THE SERIES “The Good Doctor”
WHEN|WHERE Premieres Monday at 10 p.m. on ABC/7
WHAT IT’S ABOUT Hand-washing, hairbrushing — really? We get it, he’s compulsive. (Been there with “Monk.”) Then come flashbacks to the “weird” kid getting beaten up. Flash-forwards to the noise of modern life, through his ears. The blur of urban pace, through his eyes.
But wait. “The Good Doctor” has something crucial to say, and it has a killer cast, and it does an amazing amount of setup in Monday’s efficient pilot hour. Young doctor-to-be Shaun Murphy (Freddie Highmore, “Bates Motel”) is on his way to a new life in a city sure to test his autistic senses. And medical mentor Aaron Glassman (Richard Schiff, “The West Wing”) is determined to ensure the challenged savant gets every opportunity to help himself. And, not so incidentally, to help us.
This, of course, requires countervailing skeptics (Hill Harper and Nicholas Gonzalez as doubting doctors). And new supporters (Antonia Thomas and Chuku Modu). Not to mention by-the-book hospital bureaucracy (Tamlyn Tomita and Jessica Preston). There will be the requisite lifesaving emergency procedures in odd locations, and over-the-surgical-table confrontations, and walking-and-talking down glass-lined hallways, because, duh, it’s a 2017 hospital series.
Who laid down that template? The creator of “House,” David Shore, who happens to be the creator here. That’s again clear from all the on-screen graphics meant to visualize the bursts of words Shaun hears, and the veins and organs diagramed by his mind’s eye.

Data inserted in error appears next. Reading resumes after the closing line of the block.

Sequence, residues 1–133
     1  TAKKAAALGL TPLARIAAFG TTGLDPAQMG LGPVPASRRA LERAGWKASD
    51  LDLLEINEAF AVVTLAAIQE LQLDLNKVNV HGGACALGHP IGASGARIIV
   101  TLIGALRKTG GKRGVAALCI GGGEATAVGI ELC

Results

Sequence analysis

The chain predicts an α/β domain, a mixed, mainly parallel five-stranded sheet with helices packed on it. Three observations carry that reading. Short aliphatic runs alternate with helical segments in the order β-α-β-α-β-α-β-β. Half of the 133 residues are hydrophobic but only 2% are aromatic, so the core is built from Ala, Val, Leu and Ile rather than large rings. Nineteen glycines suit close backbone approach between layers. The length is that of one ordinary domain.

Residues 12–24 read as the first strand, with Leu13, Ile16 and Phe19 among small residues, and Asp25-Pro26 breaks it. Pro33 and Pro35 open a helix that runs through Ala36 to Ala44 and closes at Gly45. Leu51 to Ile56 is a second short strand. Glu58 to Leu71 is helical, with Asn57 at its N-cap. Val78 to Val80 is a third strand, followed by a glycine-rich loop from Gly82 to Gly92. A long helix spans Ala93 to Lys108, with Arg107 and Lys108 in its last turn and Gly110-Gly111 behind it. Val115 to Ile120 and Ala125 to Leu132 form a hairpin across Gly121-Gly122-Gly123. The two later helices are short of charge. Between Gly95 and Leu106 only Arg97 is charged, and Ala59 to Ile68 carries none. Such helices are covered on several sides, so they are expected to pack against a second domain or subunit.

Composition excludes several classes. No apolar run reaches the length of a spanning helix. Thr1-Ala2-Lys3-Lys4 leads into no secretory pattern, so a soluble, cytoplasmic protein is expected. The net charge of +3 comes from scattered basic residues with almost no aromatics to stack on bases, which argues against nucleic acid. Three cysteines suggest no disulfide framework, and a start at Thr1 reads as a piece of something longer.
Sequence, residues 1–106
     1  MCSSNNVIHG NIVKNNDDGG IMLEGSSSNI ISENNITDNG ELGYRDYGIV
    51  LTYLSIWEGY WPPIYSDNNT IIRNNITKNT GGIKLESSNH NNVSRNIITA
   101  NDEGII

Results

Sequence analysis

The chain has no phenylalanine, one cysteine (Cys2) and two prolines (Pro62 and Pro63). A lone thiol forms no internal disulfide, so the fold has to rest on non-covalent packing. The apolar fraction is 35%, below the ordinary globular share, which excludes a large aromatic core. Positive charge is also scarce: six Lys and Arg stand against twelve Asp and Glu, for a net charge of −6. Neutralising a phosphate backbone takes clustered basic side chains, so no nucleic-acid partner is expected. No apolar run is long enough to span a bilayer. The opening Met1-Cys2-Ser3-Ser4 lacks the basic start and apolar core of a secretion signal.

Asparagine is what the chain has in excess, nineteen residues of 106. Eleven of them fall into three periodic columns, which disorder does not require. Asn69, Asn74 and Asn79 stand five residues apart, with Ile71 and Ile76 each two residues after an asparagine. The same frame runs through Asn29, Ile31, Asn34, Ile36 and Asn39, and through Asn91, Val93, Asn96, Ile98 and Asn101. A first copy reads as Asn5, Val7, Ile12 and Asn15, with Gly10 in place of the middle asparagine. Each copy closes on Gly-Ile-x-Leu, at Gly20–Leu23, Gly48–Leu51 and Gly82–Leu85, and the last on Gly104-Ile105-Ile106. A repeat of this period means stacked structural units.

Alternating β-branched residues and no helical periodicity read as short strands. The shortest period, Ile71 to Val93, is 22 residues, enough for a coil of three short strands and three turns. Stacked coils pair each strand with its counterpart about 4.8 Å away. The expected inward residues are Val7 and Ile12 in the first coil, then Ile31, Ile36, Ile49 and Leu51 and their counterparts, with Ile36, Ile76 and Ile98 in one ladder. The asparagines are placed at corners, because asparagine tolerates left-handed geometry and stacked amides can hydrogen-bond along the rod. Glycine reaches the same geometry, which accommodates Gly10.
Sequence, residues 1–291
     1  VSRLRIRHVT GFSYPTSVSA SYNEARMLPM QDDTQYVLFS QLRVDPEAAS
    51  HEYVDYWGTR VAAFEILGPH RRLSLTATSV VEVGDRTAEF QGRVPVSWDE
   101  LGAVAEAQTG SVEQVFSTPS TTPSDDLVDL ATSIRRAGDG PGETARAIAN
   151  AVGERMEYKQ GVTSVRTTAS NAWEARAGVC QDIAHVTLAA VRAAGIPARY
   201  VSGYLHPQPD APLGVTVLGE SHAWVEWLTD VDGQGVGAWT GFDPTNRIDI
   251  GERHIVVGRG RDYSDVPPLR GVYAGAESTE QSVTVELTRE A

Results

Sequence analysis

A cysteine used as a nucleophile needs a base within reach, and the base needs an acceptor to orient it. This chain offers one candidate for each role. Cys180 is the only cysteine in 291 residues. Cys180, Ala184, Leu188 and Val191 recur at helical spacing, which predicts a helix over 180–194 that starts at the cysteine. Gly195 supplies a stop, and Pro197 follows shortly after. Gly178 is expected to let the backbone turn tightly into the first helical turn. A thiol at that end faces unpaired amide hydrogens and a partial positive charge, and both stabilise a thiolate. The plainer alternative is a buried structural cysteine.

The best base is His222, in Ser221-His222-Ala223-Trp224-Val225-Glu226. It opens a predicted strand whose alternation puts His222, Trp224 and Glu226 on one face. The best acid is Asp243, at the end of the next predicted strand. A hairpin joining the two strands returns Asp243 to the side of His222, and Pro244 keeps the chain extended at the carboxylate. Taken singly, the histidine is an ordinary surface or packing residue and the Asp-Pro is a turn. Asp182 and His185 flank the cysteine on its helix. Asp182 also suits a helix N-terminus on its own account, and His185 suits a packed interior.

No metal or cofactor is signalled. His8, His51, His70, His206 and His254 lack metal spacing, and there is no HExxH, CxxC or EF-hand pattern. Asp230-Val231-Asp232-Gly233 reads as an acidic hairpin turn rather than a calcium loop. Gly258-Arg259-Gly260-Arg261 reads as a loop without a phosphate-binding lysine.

MY SAY Yet it’s emotion that moves the story forward. Highmore’s face and attitude. Schiff’s faith and moral weight. Thomas’ curiosity-generosity. That sets it apart from “House.” While the 2004-12 Fox hit was dramatically compelling, it was considerably less than cuddly, as built around Hugh Laurie’s misanthropic lead.
“The Good Doctor” aims beyond admirable. It wants us to share its warmhearted yearning to “give hope to people with limitations . . . that they do have a shot,” as Schiff’s character puts an obvious point on it. He also opines, “Letting things get personal is how we make it matter,” which may well be Shore imparting his lesson learned from “House.”
BOTTOM LINE If you like your drama with heart and hope, this may well be The Good Series for you.